Copyright has successfully maintained a balance in the public interest for creators and researchers for 300 years –yet copyright is under threat in the digital age.


    How come that was not your headline ??

    Oh thats right,, its not negative enough.

    Its not a report, its a booklet, its a very small, number of selected people ask to comment. (but few real authors).

    No one there is saying that copyright is bad, they are saying that like all laws, with time they needs tuning or tweeking to keep up with the times.

    The big thing these guys wanted was "fair Dealing/use" they have that, essentually..

    So this is not the library worrying about copyright, or what "MIGHT" happen.

    But I note, Mike you cannot seem to remove your bias, no matter the situation..

    I wonder if you expect people to follow your links and check your bias, and your conclusions ? or do you expect us just to take your, or Geists, or Sweatowitz's word for it.


    It appears all you do mike is copy other peoples artices and spew them out here, its hard to work out if you actually create any of your own content, or where the content comes from.

    Sometimes I forget im here, and think im back at Boycott Novell, or OPEN, you all seem to create exactly the same stuff.. I find I can read these 'articles' from a number of sources, and still not know the correct origin of them.


    Copyright is at the heart of our successful knowledge economy. In the 21st century, access to technology, information and knowledge are the key to economic success and are governed by our current copyright laws.
    Copyright has successfully maintained a balance in the public interest for creators and researchers for 300 years –yet copyright is under threat in the digital age.


    British library worries !!!!..

    Where is the worry, are they worried that copyright might go away ?? look like it.

     

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  8.  
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    Hephaestus (profile), Jul 28th, 2010 @ 9:10am

    Re: Re: Re: Helioselection

    oops ... thanks ... Subconscious optimization ... :)

     

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  9.  
    identicon
    Anonymous Coward, Jul 28th, 2010 @ 9:28am

    Re: Copyright is at the heart of our successful knowledge economy.

    It is amusing how bad you are at reading.

     

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  10.  
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    Richard (profile), Jul 28th, 2010 @ 9:29am

    Re: Copyright is at the heart of our successful knowledge economy.

    I suggest you actually read through the articles. Mike's headline is a fair summary of their content.

    The part you quote in bold is an introductory pre-amble - it isn't the main thrust of the section that it introduces : which is:

    Let’s not wake up in five years’ time and realise we have unwittingly lost a fundamental building block for innovation, education and research in the UK. Who is protecting the public interest in the digital world? We need to redefine copyright in the digital age and find a balance to benefit creators, educators, researchers, the creative industries – and the knowledge economy

    Plus it doesn't even mean what you seem to think it means.

    "Copyright is at the heart of our successful knowledge economy."

    doesn't imply that copyright in any way makes the economy successful.

    Just like "Rob Green is at the heart of the English football team".

    The last paragraph is positive about copyright - but in a limited way and only refers to the past.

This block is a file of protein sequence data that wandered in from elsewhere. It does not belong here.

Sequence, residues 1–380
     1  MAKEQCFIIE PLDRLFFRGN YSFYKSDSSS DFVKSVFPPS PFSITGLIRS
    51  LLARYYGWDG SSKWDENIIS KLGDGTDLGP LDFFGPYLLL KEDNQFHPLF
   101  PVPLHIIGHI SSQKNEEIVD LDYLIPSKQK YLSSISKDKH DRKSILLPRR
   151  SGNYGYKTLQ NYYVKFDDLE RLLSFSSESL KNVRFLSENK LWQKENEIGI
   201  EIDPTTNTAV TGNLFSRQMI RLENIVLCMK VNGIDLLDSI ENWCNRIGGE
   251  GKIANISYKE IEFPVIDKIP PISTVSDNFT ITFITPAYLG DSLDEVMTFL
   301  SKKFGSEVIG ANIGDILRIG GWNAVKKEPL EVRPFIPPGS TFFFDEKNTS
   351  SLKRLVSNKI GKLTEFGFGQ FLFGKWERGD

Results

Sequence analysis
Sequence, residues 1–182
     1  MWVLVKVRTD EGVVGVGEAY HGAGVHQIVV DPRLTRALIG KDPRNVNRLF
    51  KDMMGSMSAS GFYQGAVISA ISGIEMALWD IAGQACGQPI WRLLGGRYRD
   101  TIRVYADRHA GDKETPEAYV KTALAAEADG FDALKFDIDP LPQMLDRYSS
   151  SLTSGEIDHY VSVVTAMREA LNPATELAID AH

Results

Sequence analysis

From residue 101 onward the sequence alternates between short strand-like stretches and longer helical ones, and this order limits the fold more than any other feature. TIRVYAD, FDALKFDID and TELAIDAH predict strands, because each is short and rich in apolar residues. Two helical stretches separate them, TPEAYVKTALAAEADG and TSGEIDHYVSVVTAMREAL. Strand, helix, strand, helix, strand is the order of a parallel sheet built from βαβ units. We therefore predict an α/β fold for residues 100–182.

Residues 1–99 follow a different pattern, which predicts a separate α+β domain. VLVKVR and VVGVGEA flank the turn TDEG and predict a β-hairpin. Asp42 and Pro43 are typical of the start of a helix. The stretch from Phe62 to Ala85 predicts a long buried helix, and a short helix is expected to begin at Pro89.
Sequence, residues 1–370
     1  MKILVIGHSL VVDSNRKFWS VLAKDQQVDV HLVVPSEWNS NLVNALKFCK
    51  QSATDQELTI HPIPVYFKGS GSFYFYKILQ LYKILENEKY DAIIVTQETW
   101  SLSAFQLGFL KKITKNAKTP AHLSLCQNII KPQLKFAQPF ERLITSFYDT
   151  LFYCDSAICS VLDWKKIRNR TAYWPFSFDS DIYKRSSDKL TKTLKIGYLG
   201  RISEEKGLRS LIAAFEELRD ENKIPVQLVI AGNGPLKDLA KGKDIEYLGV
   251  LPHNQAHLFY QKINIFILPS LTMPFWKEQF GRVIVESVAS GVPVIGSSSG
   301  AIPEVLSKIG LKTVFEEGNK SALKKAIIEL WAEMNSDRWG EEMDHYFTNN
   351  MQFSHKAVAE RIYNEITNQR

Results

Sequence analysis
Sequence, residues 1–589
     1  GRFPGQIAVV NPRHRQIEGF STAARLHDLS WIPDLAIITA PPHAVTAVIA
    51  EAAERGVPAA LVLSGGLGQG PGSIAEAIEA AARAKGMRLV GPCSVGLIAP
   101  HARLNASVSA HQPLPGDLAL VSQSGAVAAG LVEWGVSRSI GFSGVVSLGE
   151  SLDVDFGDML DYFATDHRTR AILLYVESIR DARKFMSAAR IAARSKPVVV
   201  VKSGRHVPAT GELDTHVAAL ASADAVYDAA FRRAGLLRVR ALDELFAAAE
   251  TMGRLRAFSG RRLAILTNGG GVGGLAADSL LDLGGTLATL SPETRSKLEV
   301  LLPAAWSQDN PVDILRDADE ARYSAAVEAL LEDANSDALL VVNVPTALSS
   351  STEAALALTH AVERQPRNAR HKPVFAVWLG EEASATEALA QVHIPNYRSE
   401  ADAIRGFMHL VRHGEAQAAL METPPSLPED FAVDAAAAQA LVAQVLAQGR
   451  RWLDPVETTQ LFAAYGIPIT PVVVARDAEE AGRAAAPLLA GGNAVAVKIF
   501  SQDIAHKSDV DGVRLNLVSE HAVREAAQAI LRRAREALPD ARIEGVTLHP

Where is the worry, are they worried that copyright might go away ?? look like it.

    No - they are worried that Copyright, and especially efforts to enforce it by technical means, may damage research and scholarship in the future.

     

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  11.  
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    Free Capitalist (profile), Jul 28th, 2010 @ 9:31am

    Re: Copyright is at the heart of our successful knowledge economy.

    The big thing these guys wanted was "fair Dealing/use" they have that

    Could you elaborate on that? In the U.S. we see fair use fairly well castrated with the DMCA. With the take down process, the complainant needs no verified evidence of infringement to force a site's removal (at least with many ISPs).

    I'm guessing the U.K.'s Digital Economy act will not be stemming spurious infringement allegations any time soon. So I'm not sure just what you mean by 'fair Dealing/use, they have that".

     

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  12.  
    identicon
    Anonymous Coward, Jul 28th, 2010 @ 9:51am

    > Who is protecting the public interest in the digital world?

    The pirates are.

     

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  13.  
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    Nastybutler77 (profile), Jul 28th, 2010 @ 9:55am

    Unless the "research community" starts taking out Lord Mendleson, and other key MP's, out on extravagant weekend getaways, I doubt they'll be able to effect any change. Sadly, Parliment, much like the US Congress, seems to only responds to heavy lobbying. Sorry to be a downer.

     

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  14.  
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    Peet McKimmie (profile), Jul 28th, 2010 @ 10:00am

    "The full report is below:"

    No, it isn't.

     

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  15.  
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    Peet McKimmie (profile), Jul 28th, 2010 @ 10:00am

    "The full report is below:"

    No, it isn't.

     

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  16.  
    icon
    Peet McKimmie (profile), Jul 28th, 2010 @ 10:03am

    Re: "The full report is below:"

    Apologies for the double-post; it was a browser glitch. @'.'@

     

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  17.  
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    Hephaestus (profile), Jul 28th, 2010 @ 10:41am

    Re: Re: "The full report is below:"

    thanks for the third post explaining the previous two :)

     

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  18.  
    identicon
    Pyrate, Jul 28th, 2010 @ 1:07pm

    Influx

    You can cut the influx of Copywrong shills with my coffee cup.

     

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  19.  
    identicon
    Mr Big Content, Jul 28th, 2010 @ 5:02pm

    Ignore The British Library

    They’re just trolling. Remember: do not feed the trolls!

     

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  20.  
    icon
    Peet McKimmie (profile), Jul 29th, 2010 @ 2:46am

    Re: Re: Re: "The full report is below:"

    You';re very welcome. ;-D